As the African Continental Free Trade Area (AfCFTA) begins to operate fully, concerns have been raised by some stakeholders that the agreement will lead to loss of substantial revenues to some member-states – especially countries which heavily rely on Customs duties, given the many tariff waivers that come with the deal.
For instance, Ghana relies heavily on revenue derived from Customs (CEPS); as in 2019 the country generated GH¢11.2billion from that sector, only second to domestic tax (direct – IRS) – indicating that if the trade pact should have negative impact on tariffs, its economy will be among those countries most affected.
However, a study by the World Bank has revealed that the short-term impact on tax revenues will be quite small for most countries, as a decline, if any, of less than 1.5 percent is expected; further adding that the trade pact’s effect on total revenues would seldom cause a decline of more than 0.3 percent for most countries. And even countries that may experience higher revenue shortfalls from the trade deal, such shortfalls, the study says, won’t exceed 0.9 percent of total tax revenue.
The Bretton Wood institution cited the small share of import revenues for most countries on the continent, and the fact that the trade agreement allows for an exclusion list that does not come under the free tariff regime.
“First, imports from African countries account for a small share of tariff revenues for most countries (less than 10 percent on average). Second, most tariff revenues can be shielded from liberalisation with exclusion lists, because these revenues are highly concentrated in a few tariff lines (1 percent of tariff lines account for more than three-quarters of intra-Africa tariff revenues in almost all African countries).
These results are consistent with other studies which show that, “even under full liberalisation, the number of countries expected to experience significant tariff revenue losses is small, and exclusion lists have the potential to significantly reduce such losses”, stated the study, titled ‘The African Continental Free Trade Area, Economic and Distributional Effects’.
On other hand, the study emphasised that continental free trade will in the medium-term lead to increased revenues for member-states, as volumes of trade will see a significant increment.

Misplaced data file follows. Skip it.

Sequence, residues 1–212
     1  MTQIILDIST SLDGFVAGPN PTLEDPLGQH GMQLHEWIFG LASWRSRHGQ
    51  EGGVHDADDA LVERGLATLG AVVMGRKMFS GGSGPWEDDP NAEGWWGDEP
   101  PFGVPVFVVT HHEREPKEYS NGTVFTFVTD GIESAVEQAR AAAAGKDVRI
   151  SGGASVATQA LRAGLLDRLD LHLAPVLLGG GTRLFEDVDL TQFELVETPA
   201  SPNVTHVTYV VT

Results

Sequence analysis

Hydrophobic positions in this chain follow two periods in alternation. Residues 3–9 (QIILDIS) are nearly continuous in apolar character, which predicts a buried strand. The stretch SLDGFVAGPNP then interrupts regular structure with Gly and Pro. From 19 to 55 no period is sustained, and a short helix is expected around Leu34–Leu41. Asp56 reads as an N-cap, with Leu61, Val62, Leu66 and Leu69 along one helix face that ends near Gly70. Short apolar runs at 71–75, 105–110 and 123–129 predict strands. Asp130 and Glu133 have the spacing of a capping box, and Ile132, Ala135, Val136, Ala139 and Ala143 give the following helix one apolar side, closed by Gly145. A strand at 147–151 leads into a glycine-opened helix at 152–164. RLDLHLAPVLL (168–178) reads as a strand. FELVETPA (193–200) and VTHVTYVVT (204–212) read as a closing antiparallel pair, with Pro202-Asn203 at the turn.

“In the medium-term, the overall impact on import tariff revenue is expected to be positive in the AfCFTA scenario at the regional level. Although tariffs decline, the increase in volume of imports leads to higher tariff revenue collection, with an increase of 3 percent at the continental level compared with the baseline in 2035. Faster economic growth leading to a higher level of economic activity is likely to increase the total revenue from other taxes as well,” the World Bank study stated.
The trade pact connects 1.3 billion people across 55 countries with a combined GDP valued at US$3.4trillion. AfCFTA will significantly boost African trade, particularly intraregional trade in manufacturing. The volume of total exports is expected to increase by almost 29 percent by 2035 relative to the baseline. Intracontinental exports will also increase by over 81 percent, while exports to non-African countries will rise by 19 percent.
Under the AfCFTA scenario, manufacturing exports will gain the most, 62 percent overall, with intra-Africa trade increasing by 110 percent and exports to the rest of the world rising by 46 percent. The agreement will also boost regional output and productivity, and lead to a reallocation of resources across sectors and countries.
By 2035, total production of the continent will be almost US$212-billion higher than the baseline. Output will increase the most in natural resources and services (1.7 percent), with manufacturing seeing a 1.2 percent rise, the World Bank states.